Cause for Concern
Ecosystems all over the world are now contaminated with a cocktail of man-made chemicals.
CHEM Trust is particularly worried about several potentially hazardous chemicals, especially those that are persistent, bioaccumulative or those which can disrupt hormones.
Persistent chemicals are those which don't break down easily in the environment, and which can therefore last for decades. A chemical is said to ‘bioaccumulate' if it builds up in our bodies or in wildlife. Unfortunately, when a chemical is persistent and bioaccumulative (P&B) it may be passed from mother to baby via the egg, placenta or during suckling.
The hormone disrupting chemicals are very worrying because even at extremely low doses they can disrupt the normal workings of the reproductive, immune, nervous and other hormonally controlled systems. They can do this by mimicking natural hormones or blocking their action, or altering the breakdown or synthesis of the body's own hormones. Sometimes these chemicals are also called endocrine disrupting chemicals or EDCs for short, because it is the endocrine glands which secrete hormones.
Some pesticides and flame retardants are persistent, bioaccumulative or hormone disrupting. Similarly, chemicals with these worrisome properties may be found in many consumer products including certain stain repellents, cosmetics, personal care products and plastics.
There is a growing body of scientific evidence on the adverse impacts of several man-made chemicals on wildlife species. Scientists have shown that many wildlife populations have already been affected by hormone disruptors. The impacts include:
- thyroid dysfunction in birds and fish
- decreased fertility in birds, fish, shellfish and mammals
- decreased hatching success in birds, fish and turtles
- gross birth deformities in birds, fish and turtles
- metabolic abnormalities in birds, fish and mammals
- behavioural abnormalities in birds
- de-masculinisation and feminisation of male fish, birds and mammals
- de-feminisation and masculinisation of female fish and birds
- and compromised immune systems in birds and mammals
- The connection between effects in wildlife and the likely effects in humans are also being noted.
Day in, day out, terrestrial, freshwater and marine species are exposed to a toxic cocktail of many different man-made compounds and the concern is that such chemicals can under mine future generations of wildlife (and humans). There is not one ocean or continent from the tropics to the once-pristine polar regions that is not contaminated.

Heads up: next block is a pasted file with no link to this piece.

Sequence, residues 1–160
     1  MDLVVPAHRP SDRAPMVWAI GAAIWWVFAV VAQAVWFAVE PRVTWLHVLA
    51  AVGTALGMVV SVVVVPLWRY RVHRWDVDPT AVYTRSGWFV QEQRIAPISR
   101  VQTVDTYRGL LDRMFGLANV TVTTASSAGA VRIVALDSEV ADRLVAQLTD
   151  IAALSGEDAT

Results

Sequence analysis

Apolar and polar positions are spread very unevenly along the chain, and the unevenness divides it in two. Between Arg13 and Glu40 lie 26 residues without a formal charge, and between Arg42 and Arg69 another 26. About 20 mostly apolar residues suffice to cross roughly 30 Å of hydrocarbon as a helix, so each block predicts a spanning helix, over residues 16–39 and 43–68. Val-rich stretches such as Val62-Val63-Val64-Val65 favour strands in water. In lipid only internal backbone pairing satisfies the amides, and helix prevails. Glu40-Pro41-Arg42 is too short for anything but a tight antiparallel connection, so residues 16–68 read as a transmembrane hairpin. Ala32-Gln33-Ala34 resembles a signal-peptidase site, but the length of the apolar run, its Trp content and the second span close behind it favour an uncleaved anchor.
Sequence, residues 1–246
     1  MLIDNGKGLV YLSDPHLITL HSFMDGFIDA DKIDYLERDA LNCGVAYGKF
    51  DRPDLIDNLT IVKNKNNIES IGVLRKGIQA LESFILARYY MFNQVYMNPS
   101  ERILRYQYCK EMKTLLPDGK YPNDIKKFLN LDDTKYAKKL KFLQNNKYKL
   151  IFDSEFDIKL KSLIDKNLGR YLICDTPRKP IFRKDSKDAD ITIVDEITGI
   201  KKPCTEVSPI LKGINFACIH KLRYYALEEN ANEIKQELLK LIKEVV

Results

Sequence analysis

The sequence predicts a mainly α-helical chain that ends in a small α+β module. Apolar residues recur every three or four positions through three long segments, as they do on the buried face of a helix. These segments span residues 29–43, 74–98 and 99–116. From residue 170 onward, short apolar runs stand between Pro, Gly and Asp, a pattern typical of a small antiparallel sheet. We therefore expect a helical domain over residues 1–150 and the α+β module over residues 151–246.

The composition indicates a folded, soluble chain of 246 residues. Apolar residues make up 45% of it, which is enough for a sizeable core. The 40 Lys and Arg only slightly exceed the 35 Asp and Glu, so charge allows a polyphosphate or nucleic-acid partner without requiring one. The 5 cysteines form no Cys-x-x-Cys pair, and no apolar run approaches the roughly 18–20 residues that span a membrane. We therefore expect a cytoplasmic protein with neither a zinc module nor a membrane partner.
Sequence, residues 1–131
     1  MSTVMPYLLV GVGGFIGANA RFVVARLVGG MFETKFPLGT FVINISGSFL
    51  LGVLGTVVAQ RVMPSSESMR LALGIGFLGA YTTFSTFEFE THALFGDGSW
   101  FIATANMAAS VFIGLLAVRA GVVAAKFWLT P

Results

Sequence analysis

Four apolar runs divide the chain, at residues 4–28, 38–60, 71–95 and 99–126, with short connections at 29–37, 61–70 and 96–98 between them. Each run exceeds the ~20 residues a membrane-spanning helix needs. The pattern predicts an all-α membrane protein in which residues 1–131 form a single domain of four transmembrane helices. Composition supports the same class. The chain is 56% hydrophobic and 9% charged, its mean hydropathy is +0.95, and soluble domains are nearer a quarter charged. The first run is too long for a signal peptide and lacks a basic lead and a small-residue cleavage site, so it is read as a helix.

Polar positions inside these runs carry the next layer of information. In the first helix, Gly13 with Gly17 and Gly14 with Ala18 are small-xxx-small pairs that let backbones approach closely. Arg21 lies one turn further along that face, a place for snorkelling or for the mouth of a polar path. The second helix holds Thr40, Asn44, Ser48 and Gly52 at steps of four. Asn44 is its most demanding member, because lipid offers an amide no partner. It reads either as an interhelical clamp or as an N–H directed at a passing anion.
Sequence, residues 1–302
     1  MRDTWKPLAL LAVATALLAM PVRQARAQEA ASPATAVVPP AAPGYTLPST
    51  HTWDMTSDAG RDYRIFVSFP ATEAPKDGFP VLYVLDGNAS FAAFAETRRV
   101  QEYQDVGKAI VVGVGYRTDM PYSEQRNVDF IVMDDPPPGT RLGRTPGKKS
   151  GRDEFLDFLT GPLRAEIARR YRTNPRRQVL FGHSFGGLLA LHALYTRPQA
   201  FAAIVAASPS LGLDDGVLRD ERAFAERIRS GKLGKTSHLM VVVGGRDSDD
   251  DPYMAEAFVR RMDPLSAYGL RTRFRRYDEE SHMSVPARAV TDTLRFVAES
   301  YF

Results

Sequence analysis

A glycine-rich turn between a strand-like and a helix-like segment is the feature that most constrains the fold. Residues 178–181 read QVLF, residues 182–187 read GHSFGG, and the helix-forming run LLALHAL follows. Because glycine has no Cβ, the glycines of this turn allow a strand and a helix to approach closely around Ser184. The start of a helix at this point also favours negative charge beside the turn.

Ecosystems and wildlife everywhere including seals, whales, fish, polar bears, migratory birds and many other species have been seriously affected.
For example, research carried out on fish, in many UK estuaries indicates that there is significant feminisation of the males in these populations. The male fish should have sperm in their testes but many have egg material there instead.
The researchers concluded that the chemicals responsible for these endocrine disrupting effects come from sewage works and from industrial discharges.
Other interesting research has been carried out on the polar bears in northern Norway where "pseudohermaphrodites" have been reported, and it seems that several females have a small penis.
More analysis of the data is needed, but toxic chemicals may pose a threat to the future of polar bears, particularly because many persistent chemicals undergo a process of global re-distillation and can be found at high levels in the polar regions. Furthermore, mammals that are top predators are exposed to particularly high levels via the food chain and in early life via the placenta and suckling.
The pages in this section illustrate some examples of the known or suspected effects of chemical contaminants in wildlife.
CHEM Trust’s report Effects of Pollutants on the Reproductive Health of Male Vertebrate Wildlife - Males Under Threat by Gwynne Lyons.
A shortened version of this report is available in German
This report shows that male fish, amphibians, reptiles, birds and mammals have been harmed by chemicals in the environment. Widespread feminisation of male vertebrate wildlife is highlighted. These findings add to mounting worries about the role of hormone-disrupting or so-called ‘gender-bending' chemicals in the environment, and the implications for human health.
Persistent organic pollutants and indicators of otter health: other factors at play? highlights serious concerns for the health of otters in the UK.
Otters are one of our best loved species and research indicates that they may not be in the best of reproductive health. This raises the question as to whether modern chemicals, particularly endocrine disrupting chemicals (EDCs - hormone disruptors), could be to blame.